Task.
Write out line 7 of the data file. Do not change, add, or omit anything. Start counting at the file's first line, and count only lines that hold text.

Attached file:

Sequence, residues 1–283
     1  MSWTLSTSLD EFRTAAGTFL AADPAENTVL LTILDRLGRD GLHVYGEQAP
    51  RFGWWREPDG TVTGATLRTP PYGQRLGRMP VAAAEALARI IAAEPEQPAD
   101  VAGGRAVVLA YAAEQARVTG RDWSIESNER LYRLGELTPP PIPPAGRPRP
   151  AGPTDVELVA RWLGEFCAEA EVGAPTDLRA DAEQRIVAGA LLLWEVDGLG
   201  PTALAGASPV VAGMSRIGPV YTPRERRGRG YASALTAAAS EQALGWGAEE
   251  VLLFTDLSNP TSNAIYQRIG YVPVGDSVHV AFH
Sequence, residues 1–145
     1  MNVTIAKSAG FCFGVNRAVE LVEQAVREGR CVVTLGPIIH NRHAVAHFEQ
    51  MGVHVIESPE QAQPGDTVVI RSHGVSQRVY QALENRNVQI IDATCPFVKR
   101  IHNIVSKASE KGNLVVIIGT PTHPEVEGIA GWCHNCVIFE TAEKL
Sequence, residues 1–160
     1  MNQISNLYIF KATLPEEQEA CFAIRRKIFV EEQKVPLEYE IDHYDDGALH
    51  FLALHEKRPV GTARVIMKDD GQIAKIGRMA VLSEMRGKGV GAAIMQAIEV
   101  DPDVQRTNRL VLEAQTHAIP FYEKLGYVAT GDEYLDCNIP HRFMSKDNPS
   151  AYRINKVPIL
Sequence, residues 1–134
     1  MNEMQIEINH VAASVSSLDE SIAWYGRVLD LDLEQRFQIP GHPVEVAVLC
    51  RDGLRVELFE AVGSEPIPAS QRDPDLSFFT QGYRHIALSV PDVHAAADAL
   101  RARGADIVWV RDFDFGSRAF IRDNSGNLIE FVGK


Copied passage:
   251  VLLFTDLSNP TSNAIYQRIG YVPVGDSVHV AFH